Ding, Liyuan 1988- (2012-12). Empirical Analysis of Value at Risk and Expected Shortfall in Portfolio Selection Problem. Master's Thesis. Thesis uri icon

abstract

  • Safety first criterion and mean-shortfall criterion both explore cases of assets allocation with downside risk. In this paper, I compare safety first portfolio selection problem and mean-shortfall portfolio optimization problem, considering risk averse investors in practice. Safety first portfolio selection uses Value at Risk (VaR) as a risk measure, and mean-shortfall portfolio optimization uses expected shortfall as a risk measure, respectively. VaR is estimated by implementing extreme theory using a semi-parametric method. Expected shortfall is estimated by two nonparametric methods: a natural estimation and a kernel-weighted estimation. I use daily data on three international stock indices, ranging from January 1986 to February 2012, to provide empirical evidence in asset allocations and illustrate the performances of safety first and mean-shortfall with their risk measures. Also, the historical data has been divided in two ways. One is truncated at year 1998 and explored the performance during tech boom and financial crisis. the mean-shortfall portfolio optimization with the kernel-weighted method performed better than the safety first criterion, while the safety first criterion was better than the mean-shortfall portfolio optimization with the natural estimation method.
  • Safety first criterion and mean-shortfall criterion both explore cases of assets allocation with downside risk. In this paper, I compare safety first portfolio selection problem and mean-shortfall portfolio optimization problem, considering risk averse investors in practice. Safety first portfolio selection uses Value at Risk (VaR) as a risk measure, and mean-shortfall portfolio optimization uses expected shortfall as a risk measure, respectively. VaR is estimated by implementing extreme theory using a semi-parametric method. Expected shortfall is estimated by two nonparametric methods: a natural estimation and a kernel-weighted estimation.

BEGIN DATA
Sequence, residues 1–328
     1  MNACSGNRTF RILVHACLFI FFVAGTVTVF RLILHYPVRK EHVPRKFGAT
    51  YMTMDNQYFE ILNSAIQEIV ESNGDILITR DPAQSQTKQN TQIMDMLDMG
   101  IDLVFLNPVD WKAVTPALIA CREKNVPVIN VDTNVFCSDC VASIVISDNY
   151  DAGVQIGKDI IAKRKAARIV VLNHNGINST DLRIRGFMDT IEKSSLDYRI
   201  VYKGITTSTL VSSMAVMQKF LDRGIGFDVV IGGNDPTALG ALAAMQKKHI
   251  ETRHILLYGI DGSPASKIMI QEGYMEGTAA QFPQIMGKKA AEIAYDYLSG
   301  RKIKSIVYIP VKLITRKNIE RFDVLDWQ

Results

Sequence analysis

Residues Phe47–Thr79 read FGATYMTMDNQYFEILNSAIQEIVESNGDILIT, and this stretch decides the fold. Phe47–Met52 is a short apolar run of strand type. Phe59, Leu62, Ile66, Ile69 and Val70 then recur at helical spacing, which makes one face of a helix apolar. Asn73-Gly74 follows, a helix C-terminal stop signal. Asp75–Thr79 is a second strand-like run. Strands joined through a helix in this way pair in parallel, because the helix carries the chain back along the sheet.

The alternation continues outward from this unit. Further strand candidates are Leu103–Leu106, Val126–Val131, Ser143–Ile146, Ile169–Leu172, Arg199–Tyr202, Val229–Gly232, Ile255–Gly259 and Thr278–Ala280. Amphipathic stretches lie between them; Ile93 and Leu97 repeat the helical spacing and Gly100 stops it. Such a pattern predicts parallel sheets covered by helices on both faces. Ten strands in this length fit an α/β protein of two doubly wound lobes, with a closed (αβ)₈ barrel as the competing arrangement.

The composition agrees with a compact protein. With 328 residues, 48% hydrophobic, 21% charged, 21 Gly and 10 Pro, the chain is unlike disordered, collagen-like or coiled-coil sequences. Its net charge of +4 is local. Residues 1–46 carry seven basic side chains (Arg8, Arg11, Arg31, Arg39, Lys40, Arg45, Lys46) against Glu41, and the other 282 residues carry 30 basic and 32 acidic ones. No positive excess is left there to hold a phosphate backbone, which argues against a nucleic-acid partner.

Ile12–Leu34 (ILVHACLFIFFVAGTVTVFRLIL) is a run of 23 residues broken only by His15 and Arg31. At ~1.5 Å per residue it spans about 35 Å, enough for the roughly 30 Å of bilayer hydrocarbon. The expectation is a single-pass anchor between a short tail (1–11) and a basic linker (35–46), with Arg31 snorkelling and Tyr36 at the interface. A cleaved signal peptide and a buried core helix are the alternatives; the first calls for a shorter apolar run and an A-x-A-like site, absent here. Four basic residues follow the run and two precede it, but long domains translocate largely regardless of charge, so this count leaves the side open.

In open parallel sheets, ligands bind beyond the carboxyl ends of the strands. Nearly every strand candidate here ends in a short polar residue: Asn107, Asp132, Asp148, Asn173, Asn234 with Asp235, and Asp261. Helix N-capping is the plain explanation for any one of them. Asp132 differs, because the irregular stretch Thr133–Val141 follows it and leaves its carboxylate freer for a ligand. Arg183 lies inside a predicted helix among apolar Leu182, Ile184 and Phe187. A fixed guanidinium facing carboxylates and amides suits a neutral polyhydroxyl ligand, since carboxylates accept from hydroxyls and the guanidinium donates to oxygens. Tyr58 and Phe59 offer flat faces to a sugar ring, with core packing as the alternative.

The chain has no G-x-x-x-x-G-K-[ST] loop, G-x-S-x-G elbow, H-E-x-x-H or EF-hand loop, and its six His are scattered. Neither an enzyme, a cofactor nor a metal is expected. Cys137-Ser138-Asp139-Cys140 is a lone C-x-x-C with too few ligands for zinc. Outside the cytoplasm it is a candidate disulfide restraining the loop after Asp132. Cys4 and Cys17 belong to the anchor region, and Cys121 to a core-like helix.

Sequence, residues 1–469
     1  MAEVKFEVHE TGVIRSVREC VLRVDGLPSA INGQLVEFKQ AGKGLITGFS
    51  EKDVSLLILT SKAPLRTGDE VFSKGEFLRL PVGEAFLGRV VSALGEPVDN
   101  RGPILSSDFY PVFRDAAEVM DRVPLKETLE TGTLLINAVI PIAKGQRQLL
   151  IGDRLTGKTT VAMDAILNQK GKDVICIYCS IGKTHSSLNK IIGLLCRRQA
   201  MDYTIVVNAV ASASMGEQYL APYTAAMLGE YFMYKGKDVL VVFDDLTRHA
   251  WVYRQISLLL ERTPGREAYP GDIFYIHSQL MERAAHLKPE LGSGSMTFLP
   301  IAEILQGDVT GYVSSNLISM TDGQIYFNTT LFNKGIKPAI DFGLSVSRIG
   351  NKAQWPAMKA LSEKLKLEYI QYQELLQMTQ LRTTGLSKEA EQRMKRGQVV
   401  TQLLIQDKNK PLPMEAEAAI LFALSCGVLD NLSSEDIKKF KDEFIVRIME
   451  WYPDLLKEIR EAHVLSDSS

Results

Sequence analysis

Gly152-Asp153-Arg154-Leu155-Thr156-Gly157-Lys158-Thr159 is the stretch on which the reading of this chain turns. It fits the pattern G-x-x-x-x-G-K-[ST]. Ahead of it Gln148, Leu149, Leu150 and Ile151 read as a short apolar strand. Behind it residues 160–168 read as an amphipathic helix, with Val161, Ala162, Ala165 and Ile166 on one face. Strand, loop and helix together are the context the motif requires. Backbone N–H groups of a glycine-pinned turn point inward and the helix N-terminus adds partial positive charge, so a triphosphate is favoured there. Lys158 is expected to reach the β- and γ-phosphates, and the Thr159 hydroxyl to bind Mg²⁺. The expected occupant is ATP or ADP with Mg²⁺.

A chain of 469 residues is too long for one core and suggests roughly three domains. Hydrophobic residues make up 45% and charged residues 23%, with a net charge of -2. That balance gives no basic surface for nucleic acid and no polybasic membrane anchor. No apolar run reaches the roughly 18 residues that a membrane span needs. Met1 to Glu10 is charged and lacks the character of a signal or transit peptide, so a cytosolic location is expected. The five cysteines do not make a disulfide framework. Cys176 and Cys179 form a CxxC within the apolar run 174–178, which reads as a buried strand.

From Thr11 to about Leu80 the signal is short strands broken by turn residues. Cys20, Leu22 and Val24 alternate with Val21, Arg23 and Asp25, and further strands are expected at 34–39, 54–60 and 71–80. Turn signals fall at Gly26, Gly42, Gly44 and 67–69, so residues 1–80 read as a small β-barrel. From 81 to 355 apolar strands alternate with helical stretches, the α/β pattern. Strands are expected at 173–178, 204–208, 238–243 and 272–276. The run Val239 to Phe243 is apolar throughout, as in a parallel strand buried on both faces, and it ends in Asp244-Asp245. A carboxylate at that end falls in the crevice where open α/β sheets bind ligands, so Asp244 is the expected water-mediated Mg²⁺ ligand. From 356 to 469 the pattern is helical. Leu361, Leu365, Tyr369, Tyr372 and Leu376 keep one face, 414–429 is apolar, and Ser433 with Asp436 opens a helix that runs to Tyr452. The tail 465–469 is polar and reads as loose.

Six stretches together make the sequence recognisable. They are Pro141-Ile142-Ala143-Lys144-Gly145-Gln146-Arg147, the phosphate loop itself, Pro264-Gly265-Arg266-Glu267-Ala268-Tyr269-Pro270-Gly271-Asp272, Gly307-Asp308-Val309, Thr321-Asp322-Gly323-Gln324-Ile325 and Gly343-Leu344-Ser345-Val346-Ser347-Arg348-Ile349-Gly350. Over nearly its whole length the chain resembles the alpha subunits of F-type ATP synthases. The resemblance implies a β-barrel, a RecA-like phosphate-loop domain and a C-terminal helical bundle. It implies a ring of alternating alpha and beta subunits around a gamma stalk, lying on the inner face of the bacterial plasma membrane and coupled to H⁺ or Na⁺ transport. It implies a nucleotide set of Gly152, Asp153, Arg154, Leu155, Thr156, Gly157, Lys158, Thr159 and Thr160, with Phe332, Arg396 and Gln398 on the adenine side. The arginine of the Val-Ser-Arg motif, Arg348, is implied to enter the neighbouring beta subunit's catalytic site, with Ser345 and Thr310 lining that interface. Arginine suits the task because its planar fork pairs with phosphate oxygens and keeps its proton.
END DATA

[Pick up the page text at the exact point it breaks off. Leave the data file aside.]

I use daily data on three international stock indices, ranging from January 1986 to February 2012, to provide empirical evidence in asset allocations and illustrate the performances of safety first and mean-shortfall with their risk measures. Also, the historical data has been divided in two ways. One is truncated at year 1998 and explored the performance during tech boom and financial crisis. the mean-shortfall portfolio optimization with the kernel-weighted method performed better than the safety first criterion, while the safety first criterion was better than the mean-shortfall portfolio optimization with the natural estimation method.

publication date

  • December 2012